The tension between the free-market philosophy and mercantilism (e.g., an industrial policy) has been longstanding. I contend that the philosophy of international business (or international economics) is flawed terms of how far comparative advantage is applied, even at the expense of full employment at the city or country level. The case of Carrier in Indiana points to the legitimacy of government intervention even at the expense of comparative advantage.
A mix of ominous threats from Donald Trump as U.S. President-Elect, and enticing financial incentives worth $7 million from Indiana kept roughly 1000 out of 2000 jobs at Carrier, a unit of United Technologies, from being transferred to Mexico. The company had expected to save $65 million by relocating not only the fan coil manufacturing lines, which would still go, but also the lines that build medium- and high-efficiency gas furnaces, which would now stay in Indiana. Carrier’s management must have factored in the likelihood of the upcoming Trump Administration and Republican Congress imposing steep tariffs on imports entering the United States from American companies that have moved production to other countries in order to take advantage of lower wages and comparatively lax regulations. In fact, Trump’s intervention with Carrier undoubtedly had the benefit of reminding other such company managements of the possible additional cost to manufacturing abroad and yet still having access to the huge American domestic market via importing (a tariff would make specific-company interventions unnecessary). So, the single-minded maximizing-profit calculus notwithstanding, we can understand why Carrier’s management agreed to take a bit—albeit just a bit—of a financial hit. “Every penny counts, but if we step back and I’m looking at earnings of $6.60 per share this year, 2 cents is an easy concession if the president-elect listens to some of the company’s bigger concerns,” noted Howard Rubel, a senior equity analyst at Jefferies. The 2 cent per share reduction could in fact be offset (and more) by the possible redressing of such “bigger concerns,” especially if the company and its workers make politically strategic campaign contributions.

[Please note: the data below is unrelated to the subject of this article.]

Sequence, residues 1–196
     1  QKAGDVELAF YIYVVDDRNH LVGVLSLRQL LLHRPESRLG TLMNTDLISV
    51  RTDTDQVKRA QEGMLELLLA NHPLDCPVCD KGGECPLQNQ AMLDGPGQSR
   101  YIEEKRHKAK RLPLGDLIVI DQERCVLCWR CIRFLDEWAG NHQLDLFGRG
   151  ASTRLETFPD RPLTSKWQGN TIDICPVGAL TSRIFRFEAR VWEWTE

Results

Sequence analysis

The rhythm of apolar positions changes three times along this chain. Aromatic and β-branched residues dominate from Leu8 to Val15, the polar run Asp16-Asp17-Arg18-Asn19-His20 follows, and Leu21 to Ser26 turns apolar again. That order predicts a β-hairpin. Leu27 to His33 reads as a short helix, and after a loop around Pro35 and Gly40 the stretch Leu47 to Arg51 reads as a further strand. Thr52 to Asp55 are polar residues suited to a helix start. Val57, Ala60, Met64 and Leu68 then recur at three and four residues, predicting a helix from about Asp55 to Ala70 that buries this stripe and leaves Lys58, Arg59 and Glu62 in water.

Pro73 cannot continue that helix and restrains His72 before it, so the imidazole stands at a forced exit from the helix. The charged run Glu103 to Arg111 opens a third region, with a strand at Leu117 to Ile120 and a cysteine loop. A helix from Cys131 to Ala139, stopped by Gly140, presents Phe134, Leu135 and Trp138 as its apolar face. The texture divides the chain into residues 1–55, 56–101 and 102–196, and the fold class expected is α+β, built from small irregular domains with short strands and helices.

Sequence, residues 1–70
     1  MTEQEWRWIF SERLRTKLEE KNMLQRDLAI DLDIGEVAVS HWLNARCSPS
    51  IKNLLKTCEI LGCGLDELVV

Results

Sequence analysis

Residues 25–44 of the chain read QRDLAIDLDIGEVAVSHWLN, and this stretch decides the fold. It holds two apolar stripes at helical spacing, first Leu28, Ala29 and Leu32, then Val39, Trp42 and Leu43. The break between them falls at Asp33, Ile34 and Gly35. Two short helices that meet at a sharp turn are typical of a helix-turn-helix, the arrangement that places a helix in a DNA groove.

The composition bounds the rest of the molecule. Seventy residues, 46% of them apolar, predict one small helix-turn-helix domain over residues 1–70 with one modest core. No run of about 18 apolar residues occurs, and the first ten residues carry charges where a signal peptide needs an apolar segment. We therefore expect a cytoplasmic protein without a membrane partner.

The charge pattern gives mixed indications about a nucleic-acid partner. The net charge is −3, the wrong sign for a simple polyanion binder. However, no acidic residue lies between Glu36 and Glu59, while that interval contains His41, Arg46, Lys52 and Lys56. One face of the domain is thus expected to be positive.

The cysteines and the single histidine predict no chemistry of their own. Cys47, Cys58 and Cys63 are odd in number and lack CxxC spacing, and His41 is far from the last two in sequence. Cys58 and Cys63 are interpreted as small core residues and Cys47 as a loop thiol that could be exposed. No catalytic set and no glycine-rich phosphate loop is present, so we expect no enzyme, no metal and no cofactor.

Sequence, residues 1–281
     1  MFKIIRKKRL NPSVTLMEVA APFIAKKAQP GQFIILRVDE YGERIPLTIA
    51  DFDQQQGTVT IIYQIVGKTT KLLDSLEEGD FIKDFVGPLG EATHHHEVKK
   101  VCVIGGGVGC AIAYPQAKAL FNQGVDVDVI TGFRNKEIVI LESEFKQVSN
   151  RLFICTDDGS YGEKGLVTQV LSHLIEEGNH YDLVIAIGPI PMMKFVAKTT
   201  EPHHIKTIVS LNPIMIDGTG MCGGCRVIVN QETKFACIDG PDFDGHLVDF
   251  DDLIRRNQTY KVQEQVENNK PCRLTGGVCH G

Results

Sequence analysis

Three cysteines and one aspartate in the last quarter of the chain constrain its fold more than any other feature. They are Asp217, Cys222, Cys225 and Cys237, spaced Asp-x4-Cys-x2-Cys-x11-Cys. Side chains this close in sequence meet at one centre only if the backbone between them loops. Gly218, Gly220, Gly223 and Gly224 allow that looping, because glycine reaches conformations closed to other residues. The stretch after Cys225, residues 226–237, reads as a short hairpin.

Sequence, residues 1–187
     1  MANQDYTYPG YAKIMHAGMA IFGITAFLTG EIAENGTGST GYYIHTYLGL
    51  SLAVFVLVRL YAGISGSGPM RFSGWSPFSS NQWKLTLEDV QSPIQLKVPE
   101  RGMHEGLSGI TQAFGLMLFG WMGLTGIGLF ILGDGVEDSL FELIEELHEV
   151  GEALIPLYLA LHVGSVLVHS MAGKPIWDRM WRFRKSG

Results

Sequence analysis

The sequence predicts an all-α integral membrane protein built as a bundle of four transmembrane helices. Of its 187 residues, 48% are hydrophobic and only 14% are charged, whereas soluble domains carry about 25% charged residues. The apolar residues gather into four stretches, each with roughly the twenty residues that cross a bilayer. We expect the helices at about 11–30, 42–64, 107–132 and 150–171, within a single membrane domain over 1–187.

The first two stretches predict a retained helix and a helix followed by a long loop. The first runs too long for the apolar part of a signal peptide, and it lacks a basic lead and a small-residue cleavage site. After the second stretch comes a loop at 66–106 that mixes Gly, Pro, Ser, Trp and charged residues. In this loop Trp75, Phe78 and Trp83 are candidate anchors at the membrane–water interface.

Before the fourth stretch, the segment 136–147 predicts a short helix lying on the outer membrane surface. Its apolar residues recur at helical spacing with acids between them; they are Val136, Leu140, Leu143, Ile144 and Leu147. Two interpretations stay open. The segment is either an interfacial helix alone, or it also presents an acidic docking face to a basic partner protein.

Unfortunately, pressures on company managements to focus on quarterly stock prices mean that assuming even a long-term profit-metric can be difficult. The allure of producing abroad and importing products back into the U.S. would likely continue; hence the rationale for a tariff. Lest it be feared that trade wars might be triggered, the companies subject to the tariff would be American rather than Chinese or European. Regarding the free-market alternative, the comparative-advantage philosophy of international business omits the practical need for manufacturing and low-skilled jobs in virtually any geographical area. Not everyone in a given population can be retrained to work in computer-tech industries, or educated to become CPAs, physicians, and lawyers. To say the U.S. (or E.U.) is a knowledge economy leaves a lot of people out—people who could be expected to be dependent on government benefits to live. Therefore, a mercantile government policy oriented to retaining a manufacturing sector makes sense for any government. The free-market logic applied to international economics is flawed because a sizable proportion of a country’s workforce cannot (or will not) be part of a “knowledge economy,” for instance. It also follows that not everyone is going to participate in a “manufacturing economy.” Geographically, economic diversity reflects the diverse makeup of the labor force. Put academically, the logic of international economics has its limits, or drawbacks, and so international political economy is a better, more realistic, approach.
 Nelson Schwartz, “Trump Sealed Carrier Deal with Mix of Threat and Incentives,” The New York Times, December 1, 2016.